In this section of the Memorandum, Secretary Kelly directs the Director of the Immigration and Customs Enforcement (ICE) and the Commissioner of CBP to engage with all willing and qualified law enforcement jurisdictions near the southern border for the purpose of entering into section 287(g) agreements. Secretary Kelly further directed the agencies to consider the operational functions and capabilities of any jurisdictions entering into section 287(g) agreements for the purpose of structuring them to create the most effective enforcement models.
Secretary Kelly discussed one possible benefit of such agreements. He noted that “[a]liens who engage in criminal conduct are priorities for arrest and removal and will often be encountered by state and local law enforcement officers during the course of their routine duties.”
The Memorandum provides for a more robust section 287(g) program than existed at any point under the previous administration. Secretary Kelly directed the CBP and ICE in states near the southern border to enter into section 287(g) agreements with willing jurisdictions, and he gave them latitude to structure such agreements to best meet immigration enforcement objections. The Memorandum provides for no specific restrictions on the type of personnel that may be “qualified” or on the lawful enforcement activities in which they may be engaged. It is important to note that no state or jurisdiction can be forced to cooperate in immigration enforcement under a section 287(g) agreement. The parameters of the new section 287(g) agreements remain to be seen.
It is worth noting that despite certain inaccurate and unsubstantiated media reports about a draft Memorandum, there is no plan to call up “100,000 National Guard troops” to participate in deportations of persons here illegally.
The Memorandum references a provision of the Executive Order which directs the Under Secretary of Management, in consultation with the commissioner of CBP, Joint Task Force (Border), and Commandant of the Coast Guard to commission an immediate and comprehensive study of security on the southern border. The objective of the study will be to create a “border security strategy that will achieve complete operational control of the border.”
Consistent with the Executive Order, Secretary Kelly ordered the CBP, in consultation with appropriate executive departments and agencies to begin planning, design, construction, and maintenance of a wall along the southern border. This includes attendant lighting, technology, as well as patrol and access roads. The goal will be to use the appropriate materials and technology to achieve operational control of the southern border. To this effect, the Under Secretary of Management and the Commissioner of CBP are instructed to identify and allocate all available sources of funding for the project, and to factor the project into budget requests to the United States Congress.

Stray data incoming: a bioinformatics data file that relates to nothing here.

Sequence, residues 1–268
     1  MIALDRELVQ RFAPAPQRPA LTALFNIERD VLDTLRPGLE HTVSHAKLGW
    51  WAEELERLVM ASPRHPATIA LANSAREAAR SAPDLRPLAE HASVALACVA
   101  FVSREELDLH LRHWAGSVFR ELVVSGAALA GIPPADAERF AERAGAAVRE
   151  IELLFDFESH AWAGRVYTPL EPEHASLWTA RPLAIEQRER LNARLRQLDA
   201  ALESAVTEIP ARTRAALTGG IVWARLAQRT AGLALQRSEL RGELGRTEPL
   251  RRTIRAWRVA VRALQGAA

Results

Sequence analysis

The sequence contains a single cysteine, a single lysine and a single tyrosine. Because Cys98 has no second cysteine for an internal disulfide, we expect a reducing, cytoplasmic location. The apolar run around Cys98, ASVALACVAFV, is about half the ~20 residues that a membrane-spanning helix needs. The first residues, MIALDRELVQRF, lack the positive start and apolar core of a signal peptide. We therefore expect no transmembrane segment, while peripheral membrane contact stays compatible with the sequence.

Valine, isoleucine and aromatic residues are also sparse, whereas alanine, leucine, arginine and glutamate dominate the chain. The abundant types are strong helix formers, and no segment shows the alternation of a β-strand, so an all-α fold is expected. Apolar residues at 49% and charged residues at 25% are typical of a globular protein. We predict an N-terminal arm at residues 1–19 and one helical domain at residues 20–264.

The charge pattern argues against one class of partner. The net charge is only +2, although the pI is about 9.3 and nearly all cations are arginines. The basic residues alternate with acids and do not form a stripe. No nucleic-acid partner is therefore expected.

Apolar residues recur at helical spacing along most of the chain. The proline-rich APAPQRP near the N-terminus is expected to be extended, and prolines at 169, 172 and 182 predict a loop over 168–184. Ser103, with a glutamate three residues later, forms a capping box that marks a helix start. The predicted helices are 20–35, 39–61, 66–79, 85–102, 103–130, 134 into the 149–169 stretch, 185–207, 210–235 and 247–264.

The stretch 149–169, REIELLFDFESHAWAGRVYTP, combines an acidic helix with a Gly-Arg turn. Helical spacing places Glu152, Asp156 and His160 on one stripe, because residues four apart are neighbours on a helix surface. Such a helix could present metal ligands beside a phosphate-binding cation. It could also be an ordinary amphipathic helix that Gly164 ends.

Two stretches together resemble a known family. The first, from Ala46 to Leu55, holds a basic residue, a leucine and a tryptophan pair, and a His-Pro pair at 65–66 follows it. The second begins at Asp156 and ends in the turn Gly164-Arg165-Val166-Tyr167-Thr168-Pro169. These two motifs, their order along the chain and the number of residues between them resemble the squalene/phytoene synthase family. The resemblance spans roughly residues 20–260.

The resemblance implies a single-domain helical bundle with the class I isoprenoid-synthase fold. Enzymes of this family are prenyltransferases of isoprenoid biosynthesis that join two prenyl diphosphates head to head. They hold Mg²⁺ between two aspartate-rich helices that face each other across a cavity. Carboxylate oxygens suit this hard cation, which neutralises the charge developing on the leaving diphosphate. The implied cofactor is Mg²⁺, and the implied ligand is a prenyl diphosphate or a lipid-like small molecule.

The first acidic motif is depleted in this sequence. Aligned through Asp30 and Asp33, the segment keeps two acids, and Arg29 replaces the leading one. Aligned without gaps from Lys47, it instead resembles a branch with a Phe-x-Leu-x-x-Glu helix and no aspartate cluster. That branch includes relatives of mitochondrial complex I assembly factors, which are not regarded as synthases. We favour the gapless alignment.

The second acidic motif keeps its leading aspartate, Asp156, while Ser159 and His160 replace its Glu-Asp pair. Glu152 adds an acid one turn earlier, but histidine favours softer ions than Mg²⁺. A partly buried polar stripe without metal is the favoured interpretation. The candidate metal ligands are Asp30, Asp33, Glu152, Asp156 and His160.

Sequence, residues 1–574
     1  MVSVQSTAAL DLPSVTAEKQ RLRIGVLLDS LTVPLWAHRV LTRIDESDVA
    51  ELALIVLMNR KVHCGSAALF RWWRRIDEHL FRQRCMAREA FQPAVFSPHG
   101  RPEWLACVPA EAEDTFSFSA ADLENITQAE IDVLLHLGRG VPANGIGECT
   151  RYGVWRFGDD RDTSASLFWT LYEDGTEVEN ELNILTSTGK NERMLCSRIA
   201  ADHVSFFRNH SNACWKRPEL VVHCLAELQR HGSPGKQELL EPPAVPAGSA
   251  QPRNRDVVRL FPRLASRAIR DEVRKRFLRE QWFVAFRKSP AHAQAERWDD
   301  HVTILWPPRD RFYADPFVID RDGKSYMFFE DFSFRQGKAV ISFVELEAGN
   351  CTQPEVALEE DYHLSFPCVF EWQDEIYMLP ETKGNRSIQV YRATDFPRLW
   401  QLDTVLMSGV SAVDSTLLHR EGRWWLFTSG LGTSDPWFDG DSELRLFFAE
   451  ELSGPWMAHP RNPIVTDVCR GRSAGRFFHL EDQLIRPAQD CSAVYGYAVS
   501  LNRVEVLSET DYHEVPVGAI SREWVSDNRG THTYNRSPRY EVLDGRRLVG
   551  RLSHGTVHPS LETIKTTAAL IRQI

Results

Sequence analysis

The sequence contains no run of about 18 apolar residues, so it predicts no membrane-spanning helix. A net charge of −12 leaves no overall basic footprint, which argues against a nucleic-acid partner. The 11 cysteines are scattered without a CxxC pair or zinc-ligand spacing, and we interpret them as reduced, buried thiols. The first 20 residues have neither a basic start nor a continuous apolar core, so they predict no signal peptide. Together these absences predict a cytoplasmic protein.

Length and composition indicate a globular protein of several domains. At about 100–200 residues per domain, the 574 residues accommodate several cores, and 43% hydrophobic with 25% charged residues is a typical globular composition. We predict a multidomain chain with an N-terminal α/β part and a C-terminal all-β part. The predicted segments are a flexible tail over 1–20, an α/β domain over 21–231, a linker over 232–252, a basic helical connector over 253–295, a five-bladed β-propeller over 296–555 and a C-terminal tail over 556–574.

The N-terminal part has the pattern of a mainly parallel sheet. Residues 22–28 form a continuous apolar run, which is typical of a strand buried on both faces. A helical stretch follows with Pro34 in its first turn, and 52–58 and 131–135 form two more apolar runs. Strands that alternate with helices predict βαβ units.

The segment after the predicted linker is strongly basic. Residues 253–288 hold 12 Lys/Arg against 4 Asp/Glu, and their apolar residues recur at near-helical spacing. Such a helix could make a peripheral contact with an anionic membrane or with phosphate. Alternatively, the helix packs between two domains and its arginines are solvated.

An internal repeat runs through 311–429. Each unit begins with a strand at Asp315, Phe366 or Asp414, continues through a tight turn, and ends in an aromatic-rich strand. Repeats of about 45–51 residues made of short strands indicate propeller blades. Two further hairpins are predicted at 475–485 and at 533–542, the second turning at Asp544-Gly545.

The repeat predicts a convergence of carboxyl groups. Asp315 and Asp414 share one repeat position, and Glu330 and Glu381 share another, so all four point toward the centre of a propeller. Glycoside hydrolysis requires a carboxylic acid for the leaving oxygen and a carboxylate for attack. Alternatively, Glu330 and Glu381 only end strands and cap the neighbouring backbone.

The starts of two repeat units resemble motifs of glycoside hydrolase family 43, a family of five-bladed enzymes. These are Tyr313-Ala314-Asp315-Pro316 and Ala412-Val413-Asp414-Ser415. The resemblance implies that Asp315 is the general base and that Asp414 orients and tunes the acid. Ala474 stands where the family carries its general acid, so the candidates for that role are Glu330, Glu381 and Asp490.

The DHS FAQ at Q2 explains that the CBP will consider the current state of border security, the geographical and topographical aspects of the southern border, and the availability of resources to take operational control of the southern border in its assessment for how to build the border wall. At Q1 and 4, it notes that it has already identified locations near El Paso, Texas, Tucson, Arizona, And El Centro, California, where it will build a wall in areas where fences are no longer effective.
The Memorandum provides for the beginning of the construction of the much-discussed border wall. The purpose of the wall, along with technology and other resources, is to allow the United States to achieve operational control of the southern border.
That being said, the particulars of the border wall have yet to be determined. The ultimate form and fate of the wall will likely depend on how much funding the Trump Administration can secure from Congress for the project. The DHS FAQ explains at Q6 that it has the funding to “begin immediate construction.”
The Memorandum provides for the expansion of the use of expedited removal. Expedited removal is an administrative removal procedure where an alien may be detained and removed without a hearing before an immigration judge. Secretary Kelly suggested his intent to apply the section 235 expedited removal provisions to the maximum extent the law provides. Under section 235(b)(1)(A)(iii)(I), this will allow generally the DHS to pursue expedited removal against any alien found anywhere in the United States who is inadmissible under section 212(a)(6)(C) or 212(a)(7) and who cannot prove affirmatively that he or she has been continuously present in the United States for at least two years.